When young, developing artists think about succeeding in music, they often picture sold-out venues, full wallets, and loyal fans who know all of their songs by heart. But whether your goal in music is to become famous around the world or to merely make a human connection with your songs, it takes an immense amount of work simply to get your music in front of listeners. Your ability to do this sort of work consistently and well could mean the difference of being able to connect with audiences or not. If you’re new to music and want to know what sort of work I’m talking about, here are four examples of necessary tasks to get your music heard:
Music might be one of the most important things in your life, but that doesn’t mean you’ll be able to pursue it in earnest easily. From fighting through seasons where inspiration seems impossible with having to balance non-musical priorities during your week, working on music consistently can feel impossible to do sometimes. But the truth is that your ability to make music creation, performance, and promotion a regular part of your life could be the single factor that determines whether you reach your goals or not. If you want to earn a living through music or simply create work that deeply resonates with a wide audience, you won’t get there without hard, consistent work. No matter what kind of music you make or what your goals are, you’ll thrive and grow much more as a musician if you can prioritize music in your weekly schedule. Here are three tips for helping you do just that:
Even before the pandemic, the music industry had become more digitally driven than ever before, from the meteoric rise of playlists to the increasingly tech-centered ways fans discovered and consumed new music. Local shows and touring were the few areas in music that weren’t completely upended and transformed by the internet. Then, the pandemic hit.
Making music can be a completely isolating experience. So isolating, in fact, that it’s easy to forget that what we’re doing is for the benefit of other human beings if we choose to share our work. If you’re a musician who’s been at it for years, you might be tempted to have an “it’s me against the world” or “it’s me and my bandmates against the world” mentality when you write music. Feeling this way is understandable if you’ve sacrificed many things in your life for the sake of your music. Unfortunately, it’s a destructive mindset that can leave you jaded and less able to make meaningful music.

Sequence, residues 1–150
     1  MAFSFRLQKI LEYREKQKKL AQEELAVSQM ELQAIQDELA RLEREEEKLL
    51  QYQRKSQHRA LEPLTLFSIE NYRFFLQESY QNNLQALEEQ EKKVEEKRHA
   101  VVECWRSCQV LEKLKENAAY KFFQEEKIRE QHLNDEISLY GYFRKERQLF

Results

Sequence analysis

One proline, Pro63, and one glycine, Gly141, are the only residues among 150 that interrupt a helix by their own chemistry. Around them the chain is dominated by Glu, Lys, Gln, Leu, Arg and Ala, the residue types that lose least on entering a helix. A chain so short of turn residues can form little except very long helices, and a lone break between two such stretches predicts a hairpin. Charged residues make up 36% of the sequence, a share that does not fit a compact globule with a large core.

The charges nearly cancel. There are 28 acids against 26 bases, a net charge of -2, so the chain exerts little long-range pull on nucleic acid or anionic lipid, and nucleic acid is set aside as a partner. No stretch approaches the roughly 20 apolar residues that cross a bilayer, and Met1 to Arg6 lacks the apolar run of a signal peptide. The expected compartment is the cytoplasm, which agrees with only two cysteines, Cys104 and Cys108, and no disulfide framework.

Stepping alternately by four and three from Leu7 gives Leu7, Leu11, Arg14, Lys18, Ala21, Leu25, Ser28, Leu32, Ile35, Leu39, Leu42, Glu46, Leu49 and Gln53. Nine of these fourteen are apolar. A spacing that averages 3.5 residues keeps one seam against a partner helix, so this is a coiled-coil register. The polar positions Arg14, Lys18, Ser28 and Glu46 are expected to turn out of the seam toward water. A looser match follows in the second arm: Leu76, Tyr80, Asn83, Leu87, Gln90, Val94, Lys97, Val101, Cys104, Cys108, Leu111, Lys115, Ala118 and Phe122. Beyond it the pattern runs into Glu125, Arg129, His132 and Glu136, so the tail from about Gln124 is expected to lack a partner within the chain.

If you’re itching to get back to touring and playing regular local concerts, you’re not alone. The scope and complexity of the pandemic has upended the live event industry like never before, and countless musicians are finding themselves adrift and not sure what to do. Livestreaming your performances can’t fill the massive hole left by the absence of conventional in-person concerts. However, there are some huge benefits to making digital performances a regular part of your life as a musician; benefits that will outlast the pandemic. Here are three important ones to consider:
If you’re an unestablished artist reading this with the goal of being able to do nothing but perform and create music for the rest of your life, you’re not alone. It’s a completely understandable goal, and something countless musicians strive for. For many of us, a perfect situation would be to spend our days focusing on music and doing nothing else.
Few non-musical people listen to music and realize just how much money, time, and work goes into creating a single song. From music lessons to recording equipment to the creative and emotional labor it takes to write, record, and produce a song, music takes an immense amount of work to make. For developing music-makers who have yet to find their audiences, asking what, if anything, listeners owe you is a fair question considering the sacrifice involved in creating music. However, the answer might disappoint you.
It’s possible for musicians to find success with their music without the help of their friends and family, but it’s much, much harder without them. From showing up to your first concerts when no one else will to donating money to fund your releases, the community closest to you is a priceless asset for a developing artist. But if your plans don’t extend further than the people closest to you as a musician, you’re creating an unsustainable situation for you as well as your friends and family.